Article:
Milk is a staple food in many people's diets, providing carbohydrates, complete protein and a host of nutrients that other foods often lack, such as B vitamins and calcium. Pasteurization is a process of heating raw milk to a certain temperature to kill microbial, fungal and other agents that contribute to spoilage. Exposure to heat may degrade the nutritional quality of the milk slightly.
Ultra-pasteurized and pasteurized milk both heat milk to kill bacteria it may be harboring, but they heat milk to different temperatures and for different amounts of time. During standard pasteurization, manufacturers heat milk to a minimum of 161 degrees Fahrenheit for at least 15 seconds. Ultra-pasteurization heats the milk to at least 280 degrees Fahrenheit for a minimum of two seconds. The extreme heat used in ultra-pasteurization allows the milk to remain safe for consumption for up to six months if it remains unopened and stored properly.
One issue that does arise with ultra-pasteurized milk is the denaturation of the whey protein in the milk. Registered dietitian Margaret McWilliams explains that the extra heat used in ultra-pasteurization breaks some of the structural bonds in the protein, thereby causing it to elongate. This can affect the protein's solubility and how it behaves in your body. A 2008 study published in the "Journal of Nutrition," shows that humans utilize more proteins from postmeal pasteurized or micro-filtered milk than from ultra-pasteurized milk. However, serum nitrogen levels were higher after consuming ultra-pasteurized milk, which the researchers conclude is likely the result of protein denaturation.
Adding heat to raw milk causes mild nutrient loss in pasteurized milk. The University of Minnesota reports that pasteurized milk loses 3 to 4 percent thiamin, less than 5 percent vitamin E and less than 10 percent of biotin during the heating process. Jesse Gregory III demonstrated in 1982 that the denaturation of milk's whey proteins through pasteurization can decrease how well your body absorbs the milk's vitamin B12. Ultra-pasteurization may further degrade these nutrients, though the increased shelf life of the milk often offsets the additional nutritional cost.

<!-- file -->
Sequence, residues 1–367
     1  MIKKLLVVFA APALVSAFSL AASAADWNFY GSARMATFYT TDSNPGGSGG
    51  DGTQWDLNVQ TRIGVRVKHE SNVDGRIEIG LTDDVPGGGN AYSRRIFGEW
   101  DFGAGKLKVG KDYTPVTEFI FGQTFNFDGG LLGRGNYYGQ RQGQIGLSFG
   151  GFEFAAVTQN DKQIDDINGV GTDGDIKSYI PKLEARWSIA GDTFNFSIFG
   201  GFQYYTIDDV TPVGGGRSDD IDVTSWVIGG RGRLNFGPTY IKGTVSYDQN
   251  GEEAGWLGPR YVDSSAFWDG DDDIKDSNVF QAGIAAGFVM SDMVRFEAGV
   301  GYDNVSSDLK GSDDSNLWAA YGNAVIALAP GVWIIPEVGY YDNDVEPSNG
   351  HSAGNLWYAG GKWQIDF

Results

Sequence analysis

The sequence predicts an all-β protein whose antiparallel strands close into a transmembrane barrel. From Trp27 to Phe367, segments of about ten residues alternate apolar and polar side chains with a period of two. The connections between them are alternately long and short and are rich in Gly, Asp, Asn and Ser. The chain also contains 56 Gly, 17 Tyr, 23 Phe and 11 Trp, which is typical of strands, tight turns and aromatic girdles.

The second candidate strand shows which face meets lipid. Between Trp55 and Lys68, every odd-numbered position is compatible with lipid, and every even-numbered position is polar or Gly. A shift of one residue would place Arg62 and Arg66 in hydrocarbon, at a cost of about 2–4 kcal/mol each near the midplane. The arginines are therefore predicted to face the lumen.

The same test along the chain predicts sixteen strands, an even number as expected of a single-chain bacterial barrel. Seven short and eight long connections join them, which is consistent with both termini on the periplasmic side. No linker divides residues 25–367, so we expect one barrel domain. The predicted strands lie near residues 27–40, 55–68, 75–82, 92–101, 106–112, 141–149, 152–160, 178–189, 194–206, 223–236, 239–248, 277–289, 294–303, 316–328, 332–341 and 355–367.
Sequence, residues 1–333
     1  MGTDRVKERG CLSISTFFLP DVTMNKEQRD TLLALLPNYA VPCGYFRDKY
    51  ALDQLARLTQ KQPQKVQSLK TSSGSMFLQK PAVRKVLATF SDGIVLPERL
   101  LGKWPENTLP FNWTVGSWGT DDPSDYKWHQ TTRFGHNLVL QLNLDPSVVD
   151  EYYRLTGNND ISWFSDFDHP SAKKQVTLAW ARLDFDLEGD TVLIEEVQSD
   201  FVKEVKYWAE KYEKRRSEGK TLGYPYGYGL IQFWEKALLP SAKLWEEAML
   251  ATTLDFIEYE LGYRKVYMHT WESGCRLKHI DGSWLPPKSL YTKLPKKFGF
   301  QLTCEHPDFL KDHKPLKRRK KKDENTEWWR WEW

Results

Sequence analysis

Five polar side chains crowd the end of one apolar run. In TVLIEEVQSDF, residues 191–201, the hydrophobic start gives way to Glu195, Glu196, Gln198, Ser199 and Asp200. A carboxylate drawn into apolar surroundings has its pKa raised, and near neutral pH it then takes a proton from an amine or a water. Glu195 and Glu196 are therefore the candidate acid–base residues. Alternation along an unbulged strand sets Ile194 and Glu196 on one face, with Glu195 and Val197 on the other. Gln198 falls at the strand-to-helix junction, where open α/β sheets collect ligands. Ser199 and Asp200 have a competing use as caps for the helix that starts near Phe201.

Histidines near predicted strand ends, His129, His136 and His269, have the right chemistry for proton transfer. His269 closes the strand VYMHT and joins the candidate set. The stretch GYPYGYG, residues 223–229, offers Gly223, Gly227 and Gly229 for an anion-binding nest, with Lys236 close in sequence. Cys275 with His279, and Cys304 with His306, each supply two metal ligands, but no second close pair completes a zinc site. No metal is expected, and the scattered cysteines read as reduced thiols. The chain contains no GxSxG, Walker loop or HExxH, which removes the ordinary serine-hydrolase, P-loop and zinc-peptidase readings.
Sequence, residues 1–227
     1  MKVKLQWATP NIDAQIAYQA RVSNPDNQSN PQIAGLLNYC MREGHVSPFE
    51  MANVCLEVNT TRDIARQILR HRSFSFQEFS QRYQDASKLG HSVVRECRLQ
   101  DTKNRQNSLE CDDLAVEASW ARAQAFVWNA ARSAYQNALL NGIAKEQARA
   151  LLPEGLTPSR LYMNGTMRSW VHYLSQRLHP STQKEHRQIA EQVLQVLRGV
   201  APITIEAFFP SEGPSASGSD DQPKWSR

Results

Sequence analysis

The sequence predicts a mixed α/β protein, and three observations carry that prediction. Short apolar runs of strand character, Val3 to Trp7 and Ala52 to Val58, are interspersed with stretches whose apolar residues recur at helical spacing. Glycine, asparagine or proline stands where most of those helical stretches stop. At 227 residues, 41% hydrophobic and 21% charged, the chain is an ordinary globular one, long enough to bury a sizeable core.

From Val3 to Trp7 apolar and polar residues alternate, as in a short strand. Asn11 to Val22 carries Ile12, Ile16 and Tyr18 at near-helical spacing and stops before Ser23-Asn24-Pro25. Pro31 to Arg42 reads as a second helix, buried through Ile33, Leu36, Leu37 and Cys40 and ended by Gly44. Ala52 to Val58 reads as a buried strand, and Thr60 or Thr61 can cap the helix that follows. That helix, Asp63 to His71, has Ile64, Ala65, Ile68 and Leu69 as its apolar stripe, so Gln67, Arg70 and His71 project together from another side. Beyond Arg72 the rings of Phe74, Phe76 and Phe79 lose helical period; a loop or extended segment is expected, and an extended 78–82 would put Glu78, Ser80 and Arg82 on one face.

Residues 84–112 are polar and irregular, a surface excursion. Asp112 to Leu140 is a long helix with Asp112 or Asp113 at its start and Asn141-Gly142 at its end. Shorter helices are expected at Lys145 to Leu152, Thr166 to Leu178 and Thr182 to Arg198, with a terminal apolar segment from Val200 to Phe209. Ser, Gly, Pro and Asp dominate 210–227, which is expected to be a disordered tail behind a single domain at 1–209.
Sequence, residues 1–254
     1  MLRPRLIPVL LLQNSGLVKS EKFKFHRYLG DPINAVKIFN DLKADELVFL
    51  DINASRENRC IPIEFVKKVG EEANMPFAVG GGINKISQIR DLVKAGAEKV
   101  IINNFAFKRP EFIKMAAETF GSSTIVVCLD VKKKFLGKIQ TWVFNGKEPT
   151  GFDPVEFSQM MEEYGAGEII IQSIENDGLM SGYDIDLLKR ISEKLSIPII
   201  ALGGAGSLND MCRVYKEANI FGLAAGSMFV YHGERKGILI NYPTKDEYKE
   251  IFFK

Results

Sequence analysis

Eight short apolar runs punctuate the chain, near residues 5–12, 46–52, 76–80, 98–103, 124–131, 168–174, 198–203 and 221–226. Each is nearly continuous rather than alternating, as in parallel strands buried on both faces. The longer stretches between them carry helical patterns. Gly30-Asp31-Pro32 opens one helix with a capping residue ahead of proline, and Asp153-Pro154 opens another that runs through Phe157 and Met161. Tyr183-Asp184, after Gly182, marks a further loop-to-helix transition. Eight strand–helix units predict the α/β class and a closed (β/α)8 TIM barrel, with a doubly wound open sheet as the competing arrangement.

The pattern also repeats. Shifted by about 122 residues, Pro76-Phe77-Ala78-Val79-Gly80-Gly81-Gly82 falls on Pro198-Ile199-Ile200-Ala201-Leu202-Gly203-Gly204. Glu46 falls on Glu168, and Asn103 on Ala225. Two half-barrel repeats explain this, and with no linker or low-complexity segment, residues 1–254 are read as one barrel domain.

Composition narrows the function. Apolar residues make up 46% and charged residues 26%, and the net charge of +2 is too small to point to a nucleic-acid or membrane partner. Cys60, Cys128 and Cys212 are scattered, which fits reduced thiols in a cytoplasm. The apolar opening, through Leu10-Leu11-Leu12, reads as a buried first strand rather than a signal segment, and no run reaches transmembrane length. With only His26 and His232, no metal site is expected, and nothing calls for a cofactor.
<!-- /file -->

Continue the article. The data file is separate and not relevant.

The U.S. Food and Drug Administration reports that raw milk can carry dangerous bacteria like Salmonella, E. coli and Listeria, all of which may pose a significant risk to your health. Pasteurization kills these harmful bacteria, though it may leave other nonpathogenic bacteria that can still cause milk spoilage. Ultra-pasteurization effectively kills all bacteria in the milk. Removal of these bacteria may alter the flavor of the milk.
- "Nutrition and Dietetics, 2007 Edition"; Margaret McWilliams; 2006
- "New Good Food: Essential Ingredients for Cooking and Eating Well"; Margaret Wittenberg; 2007
- "The Journal of Nutrition"; Ultra High Temperature Treatment, but Not Pasteurization, Affects the Postprandial Kinetics of Milk Proteins in Humans; Magali Lacroix, et al.; 2008
- "The Journal of Nutrition"; Denaturation of the Folacin-Binding Protein in Pasteurized Milk Products; Jessie F. Gregory III; July 1982
- University of Minnesota; Raw Milk vs. Pasteurization Debate Revisited; Suzanne Driessen; September 2003
- U.S. Food and Drug Administration; The Dangers of Raw Milk -- Unpasteurized Milk Can Pose a Serious Health Risk; October 2006